Become a mentor

Published 5:08 pm Monday, February 7, 2011

A couple of recent articles in the Suffolk News-Herald have highlighted the importance of mentors in the lives of young people.

Back in January, we had an article about Suffolk Parks and Recreation’s Suffolk 757 Protégé program. That program recruits adults from around the city who are available after school hours to meet with young people, share their interests and guide them toward their goals.

And just last week, Suffolk Public Schools recognized its mentors with a reception at King’s Fork Middle School. The school division’s mentors meet with their young people during school hours. School officials said during their retreat last week that the school division sees its program as a complement to the city program because together, the two programs allow any adult to be a mentor, whether they are available during school hours or afterward.

Email newsletter signup

“There’s no excuse for anybody not to be able to find the time to mentor a child,” schools spokeswoman Bethanne Bradshaw said during the retreat.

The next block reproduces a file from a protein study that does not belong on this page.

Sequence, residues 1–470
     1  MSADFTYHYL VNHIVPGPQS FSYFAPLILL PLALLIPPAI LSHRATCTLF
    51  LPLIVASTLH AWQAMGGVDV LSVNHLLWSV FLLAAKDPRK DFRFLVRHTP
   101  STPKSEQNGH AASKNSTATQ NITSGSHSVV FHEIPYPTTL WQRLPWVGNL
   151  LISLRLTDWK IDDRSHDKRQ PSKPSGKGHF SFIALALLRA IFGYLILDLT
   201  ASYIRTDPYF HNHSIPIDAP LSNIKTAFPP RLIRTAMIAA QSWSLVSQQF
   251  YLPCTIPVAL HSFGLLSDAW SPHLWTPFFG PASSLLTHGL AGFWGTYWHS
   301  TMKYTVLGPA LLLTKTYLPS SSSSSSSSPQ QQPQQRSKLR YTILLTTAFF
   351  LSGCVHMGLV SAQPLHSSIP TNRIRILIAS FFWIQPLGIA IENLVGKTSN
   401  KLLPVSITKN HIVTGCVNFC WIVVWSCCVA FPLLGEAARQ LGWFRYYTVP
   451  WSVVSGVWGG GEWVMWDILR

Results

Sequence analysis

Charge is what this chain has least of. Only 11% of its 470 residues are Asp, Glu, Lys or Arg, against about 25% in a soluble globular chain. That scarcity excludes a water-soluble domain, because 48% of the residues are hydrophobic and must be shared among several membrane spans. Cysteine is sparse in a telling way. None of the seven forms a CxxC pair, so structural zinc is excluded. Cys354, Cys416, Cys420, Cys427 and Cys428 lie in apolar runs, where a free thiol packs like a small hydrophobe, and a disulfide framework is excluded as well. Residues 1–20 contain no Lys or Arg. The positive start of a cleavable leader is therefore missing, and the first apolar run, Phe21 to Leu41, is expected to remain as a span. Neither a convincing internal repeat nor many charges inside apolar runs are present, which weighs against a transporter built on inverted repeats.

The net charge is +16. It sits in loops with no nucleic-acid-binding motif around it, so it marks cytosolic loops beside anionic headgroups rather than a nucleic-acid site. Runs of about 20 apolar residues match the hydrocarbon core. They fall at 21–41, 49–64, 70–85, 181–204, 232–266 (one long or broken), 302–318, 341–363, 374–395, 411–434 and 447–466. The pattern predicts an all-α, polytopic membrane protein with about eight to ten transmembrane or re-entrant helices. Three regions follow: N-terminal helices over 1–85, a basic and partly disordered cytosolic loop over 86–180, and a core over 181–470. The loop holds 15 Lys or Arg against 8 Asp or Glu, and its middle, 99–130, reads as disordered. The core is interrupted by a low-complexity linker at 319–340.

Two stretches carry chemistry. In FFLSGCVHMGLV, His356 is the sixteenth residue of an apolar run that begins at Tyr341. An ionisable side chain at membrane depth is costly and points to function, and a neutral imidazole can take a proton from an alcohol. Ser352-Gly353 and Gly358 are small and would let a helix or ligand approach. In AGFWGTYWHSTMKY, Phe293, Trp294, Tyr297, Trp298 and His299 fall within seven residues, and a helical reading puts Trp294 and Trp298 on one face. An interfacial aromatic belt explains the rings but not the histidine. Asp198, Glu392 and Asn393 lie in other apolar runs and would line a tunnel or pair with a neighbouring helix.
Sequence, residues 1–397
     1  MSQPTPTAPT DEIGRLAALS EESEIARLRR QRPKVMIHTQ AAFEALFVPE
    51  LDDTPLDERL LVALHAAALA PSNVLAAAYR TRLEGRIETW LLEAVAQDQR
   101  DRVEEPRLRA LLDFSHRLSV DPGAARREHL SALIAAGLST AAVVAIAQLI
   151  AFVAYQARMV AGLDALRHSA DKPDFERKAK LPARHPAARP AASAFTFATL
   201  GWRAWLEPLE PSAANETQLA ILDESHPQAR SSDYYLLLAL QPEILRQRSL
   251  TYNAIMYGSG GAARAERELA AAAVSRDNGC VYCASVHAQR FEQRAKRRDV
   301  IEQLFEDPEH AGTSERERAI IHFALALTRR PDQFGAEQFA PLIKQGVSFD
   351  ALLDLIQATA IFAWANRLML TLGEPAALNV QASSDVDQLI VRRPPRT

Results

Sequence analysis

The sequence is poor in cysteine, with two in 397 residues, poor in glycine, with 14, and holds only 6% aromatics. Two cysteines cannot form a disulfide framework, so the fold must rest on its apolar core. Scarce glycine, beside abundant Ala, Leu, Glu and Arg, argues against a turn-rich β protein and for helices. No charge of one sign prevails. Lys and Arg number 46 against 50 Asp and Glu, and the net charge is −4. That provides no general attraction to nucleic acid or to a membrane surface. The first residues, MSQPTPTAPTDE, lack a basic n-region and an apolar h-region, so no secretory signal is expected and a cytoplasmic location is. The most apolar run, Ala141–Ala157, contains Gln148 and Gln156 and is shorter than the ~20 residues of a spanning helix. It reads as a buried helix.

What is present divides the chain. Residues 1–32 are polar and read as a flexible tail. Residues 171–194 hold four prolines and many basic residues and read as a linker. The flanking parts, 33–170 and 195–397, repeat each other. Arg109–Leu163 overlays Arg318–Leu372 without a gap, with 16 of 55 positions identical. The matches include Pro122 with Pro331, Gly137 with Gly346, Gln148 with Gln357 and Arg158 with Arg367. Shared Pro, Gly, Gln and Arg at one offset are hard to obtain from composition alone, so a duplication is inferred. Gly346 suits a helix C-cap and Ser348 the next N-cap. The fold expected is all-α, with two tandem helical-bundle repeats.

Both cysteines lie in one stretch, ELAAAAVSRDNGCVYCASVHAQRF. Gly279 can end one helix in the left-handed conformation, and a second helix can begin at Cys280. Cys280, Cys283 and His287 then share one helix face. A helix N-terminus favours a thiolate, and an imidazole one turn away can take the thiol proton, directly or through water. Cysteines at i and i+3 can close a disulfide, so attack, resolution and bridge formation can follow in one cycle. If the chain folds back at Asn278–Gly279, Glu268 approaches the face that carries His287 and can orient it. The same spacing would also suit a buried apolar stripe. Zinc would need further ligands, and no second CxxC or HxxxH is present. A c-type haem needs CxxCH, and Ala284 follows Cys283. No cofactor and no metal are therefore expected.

Anyone who had a mentor — whether it was an official designation or an unofficial relationship — when they were growing up can understand the importance of these programs. Mentors can help challenge young people to reach for their goals, or can even open up new doors for their “mentee” that young person had never considered before.

While I believe the first responsibility of raising a child always lies with the parents, there can never be any harm in more positive influences in a child’s life. In those cases where the parents are not parenting, it is even more vital that children get some positive influence from somewhere in their life.

In my case, I was blessed to have two involved parents who took their job of parenting seriously. They paid attention to what I was doing and how I was performing in school, came to most of the basketball games I played in or cheered for and disciplined me when I went astray.

Even beyond them and other family members, though, I can think of teachers, basketball coaches, cheerleading coaches, bosses, coworkers, a very special principal and even some friends who provided positive influences in my way of thinking — when I was in school and even up to the present.

I would encourage anyone who is able to sign up for a mentoring position with either the city or the school program. Even if you don’t, though, be aware that others around you may be looking to you for a positive influence. You never know how much they might need it.